Choosing a Bonsai Plant

Choosing a Bonsai Plant
Choosing a Bonsai Plant

When you go to choose your Bonsai Plant, you will find that there are a great many varieties to choose from. In reality, any plant that has a trunk and branches can become a Bonsai Plant.
A lot of people choose the tropical Bonsai Plant because they are beautiful and can be grown indoors all year around. Tropical Bonsai Plants include such plants as the as azalea, fig, bougainvillea, fuchsia.

Though tropical Bonsai Plants are popular, there are also other types that very closely resemble the full grown outside variety. These Bonsai Plants include such trees and shrubs as the elm, birch, apple, ginkgo, and spirea. These types of plants lose their leaves in the winter when the days grow shorter. They require cooler temperatures, but above freezing in the winter. In addition, they don’t need light when they don’t have any leaves.

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What Bonsai Supplies Will I Need?

Growing Bonsai is a rewarding hobby that is accessible to all. You hardly need any room at all and you’ve probably got most of the tools already lying around the house and garden. The only specialist equipment you may need to go and by will be a pair of chopsticks (yes, you read that right), a Bonsai pot and of course the tree or plant that you intend to turn into your [eafl id=”9040″ name=”The Bonsai Tree Care System” text=”Bonsai”] masterpiece.

bonsai
bonsai

You will need a small pair of sharp scissors as well as a larger pair. You will need wire to shape your branches and fine wire cutters. A small set of garden shears and a large set of garden shears just about completes the set however as you throw yourself more and more into Bonsai (once youíve got the bug there will be no stopping you) you will probably want to consider purchasing slightly more specialist Bonsai tools including miniature Bonsai rakes and root combs. Don’t panic though, the price tag size matches the tool size and most are very affordable.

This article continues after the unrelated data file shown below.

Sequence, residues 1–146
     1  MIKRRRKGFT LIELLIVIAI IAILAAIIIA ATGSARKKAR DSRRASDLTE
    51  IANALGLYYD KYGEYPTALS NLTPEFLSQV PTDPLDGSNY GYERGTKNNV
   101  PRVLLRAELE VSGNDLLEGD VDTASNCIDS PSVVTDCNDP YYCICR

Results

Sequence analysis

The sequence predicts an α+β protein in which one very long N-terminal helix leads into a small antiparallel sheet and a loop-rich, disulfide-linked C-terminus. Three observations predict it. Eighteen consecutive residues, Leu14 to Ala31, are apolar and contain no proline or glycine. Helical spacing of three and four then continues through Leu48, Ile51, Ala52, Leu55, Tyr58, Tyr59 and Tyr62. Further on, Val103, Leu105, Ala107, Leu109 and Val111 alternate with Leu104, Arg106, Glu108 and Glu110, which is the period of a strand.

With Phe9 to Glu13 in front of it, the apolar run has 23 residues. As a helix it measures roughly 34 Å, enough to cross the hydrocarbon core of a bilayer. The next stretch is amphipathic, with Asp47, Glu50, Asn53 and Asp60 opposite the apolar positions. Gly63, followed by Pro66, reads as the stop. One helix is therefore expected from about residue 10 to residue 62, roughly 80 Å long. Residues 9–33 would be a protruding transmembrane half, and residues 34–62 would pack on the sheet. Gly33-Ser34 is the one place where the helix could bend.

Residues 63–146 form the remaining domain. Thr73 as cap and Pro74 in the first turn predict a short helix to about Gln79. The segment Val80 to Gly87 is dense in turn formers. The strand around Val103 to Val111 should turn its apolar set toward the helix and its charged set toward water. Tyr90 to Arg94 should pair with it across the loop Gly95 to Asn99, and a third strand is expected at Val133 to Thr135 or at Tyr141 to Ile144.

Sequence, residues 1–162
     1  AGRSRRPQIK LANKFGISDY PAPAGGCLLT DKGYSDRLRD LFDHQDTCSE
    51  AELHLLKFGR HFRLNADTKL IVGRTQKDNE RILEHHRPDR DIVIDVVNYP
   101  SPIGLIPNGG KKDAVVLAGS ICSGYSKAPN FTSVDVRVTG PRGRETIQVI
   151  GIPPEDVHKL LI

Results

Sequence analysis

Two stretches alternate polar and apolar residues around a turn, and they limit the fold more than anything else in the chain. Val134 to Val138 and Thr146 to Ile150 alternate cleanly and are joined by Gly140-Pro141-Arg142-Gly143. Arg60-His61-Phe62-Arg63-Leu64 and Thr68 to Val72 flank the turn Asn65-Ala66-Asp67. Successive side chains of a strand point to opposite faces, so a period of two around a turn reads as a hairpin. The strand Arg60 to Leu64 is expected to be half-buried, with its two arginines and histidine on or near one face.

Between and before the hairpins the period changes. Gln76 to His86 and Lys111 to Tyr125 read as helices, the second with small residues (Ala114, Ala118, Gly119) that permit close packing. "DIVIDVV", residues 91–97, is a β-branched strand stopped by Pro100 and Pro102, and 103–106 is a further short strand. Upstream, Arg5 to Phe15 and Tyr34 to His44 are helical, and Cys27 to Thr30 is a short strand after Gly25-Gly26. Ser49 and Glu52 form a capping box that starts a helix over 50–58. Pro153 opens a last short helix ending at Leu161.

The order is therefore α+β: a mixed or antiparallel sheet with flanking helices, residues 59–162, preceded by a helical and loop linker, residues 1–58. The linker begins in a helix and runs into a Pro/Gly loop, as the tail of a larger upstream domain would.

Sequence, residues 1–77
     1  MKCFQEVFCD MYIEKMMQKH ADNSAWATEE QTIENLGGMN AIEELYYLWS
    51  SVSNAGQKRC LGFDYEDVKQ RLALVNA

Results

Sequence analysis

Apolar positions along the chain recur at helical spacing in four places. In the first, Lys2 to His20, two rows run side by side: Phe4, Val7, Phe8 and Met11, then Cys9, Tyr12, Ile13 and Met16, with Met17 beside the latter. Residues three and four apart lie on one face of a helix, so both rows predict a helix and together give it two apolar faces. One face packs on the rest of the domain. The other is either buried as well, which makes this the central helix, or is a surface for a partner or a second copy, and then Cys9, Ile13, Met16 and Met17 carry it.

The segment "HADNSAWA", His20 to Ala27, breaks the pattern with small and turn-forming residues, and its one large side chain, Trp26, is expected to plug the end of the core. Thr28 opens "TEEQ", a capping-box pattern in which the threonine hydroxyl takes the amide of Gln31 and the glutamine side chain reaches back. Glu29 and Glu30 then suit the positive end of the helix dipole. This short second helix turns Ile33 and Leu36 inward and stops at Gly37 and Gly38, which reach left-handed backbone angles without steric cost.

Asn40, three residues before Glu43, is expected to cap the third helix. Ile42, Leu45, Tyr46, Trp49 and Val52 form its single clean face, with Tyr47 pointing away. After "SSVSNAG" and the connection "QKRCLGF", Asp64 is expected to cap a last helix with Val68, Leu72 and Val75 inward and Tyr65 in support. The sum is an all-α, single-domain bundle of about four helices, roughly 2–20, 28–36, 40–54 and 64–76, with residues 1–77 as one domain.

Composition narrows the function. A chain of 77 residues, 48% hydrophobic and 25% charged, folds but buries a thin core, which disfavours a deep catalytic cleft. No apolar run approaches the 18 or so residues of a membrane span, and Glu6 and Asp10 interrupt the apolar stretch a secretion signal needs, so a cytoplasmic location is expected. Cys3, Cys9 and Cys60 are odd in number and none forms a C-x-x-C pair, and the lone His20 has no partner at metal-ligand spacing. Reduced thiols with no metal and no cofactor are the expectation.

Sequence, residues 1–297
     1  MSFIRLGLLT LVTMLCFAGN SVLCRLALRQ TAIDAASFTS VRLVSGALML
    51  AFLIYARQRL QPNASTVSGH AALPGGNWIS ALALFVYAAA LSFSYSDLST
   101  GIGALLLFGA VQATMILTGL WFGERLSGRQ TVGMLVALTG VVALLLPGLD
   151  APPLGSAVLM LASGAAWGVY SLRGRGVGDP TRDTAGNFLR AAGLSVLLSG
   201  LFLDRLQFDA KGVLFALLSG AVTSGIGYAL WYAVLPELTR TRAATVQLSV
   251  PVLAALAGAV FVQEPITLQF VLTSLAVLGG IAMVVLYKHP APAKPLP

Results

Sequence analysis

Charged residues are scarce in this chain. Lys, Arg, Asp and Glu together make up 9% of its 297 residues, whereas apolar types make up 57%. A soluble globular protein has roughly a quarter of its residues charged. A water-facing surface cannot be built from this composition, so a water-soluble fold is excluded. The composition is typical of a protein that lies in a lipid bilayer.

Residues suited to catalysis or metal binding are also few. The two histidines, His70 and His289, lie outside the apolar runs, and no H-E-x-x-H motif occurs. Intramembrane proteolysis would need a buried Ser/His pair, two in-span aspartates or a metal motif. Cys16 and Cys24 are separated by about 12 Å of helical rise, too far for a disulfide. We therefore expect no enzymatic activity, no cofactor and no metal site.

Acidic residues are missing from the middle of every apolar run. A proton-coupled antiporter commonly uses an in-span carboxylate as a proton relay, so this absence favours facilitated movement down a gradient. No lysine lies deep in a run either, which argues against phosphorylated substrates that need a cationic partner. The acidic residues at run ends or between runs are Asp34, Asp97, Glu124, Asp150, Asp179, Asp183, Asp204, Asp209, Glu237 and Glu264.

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How To Properly Winter a Native Bonsai Tree

Winter a Native Bonsai Tree
Winter a Native Bonsai Tree

Many people do not realize that most [eafl id=”9039″ name=”Bonsai Beginners Course 1″ text=”bonsai”] plants are outdoor plants. To properly cultivate and maintain most bonsai trees they should not be kept inside but should be outside year round.
There are a group of what are called indoor bonsai trees. These are from warmer climates and are usually non-traditional species such as palm trees. Because they are from a warmer climate they do need to be kept indoors in most locales.
However if you are keeping traditional native [eafl id=”9040″ name=”The Bonsai Tree Care System” text=”bonsai”] trees in the US then chances are that tree needs to be outside. Most people do not realize how important it is for these trees to be wintered outside in a natural climate. For your tree to have a healthy and natural growing cycle it is critical for it to have this period of winter dormancy.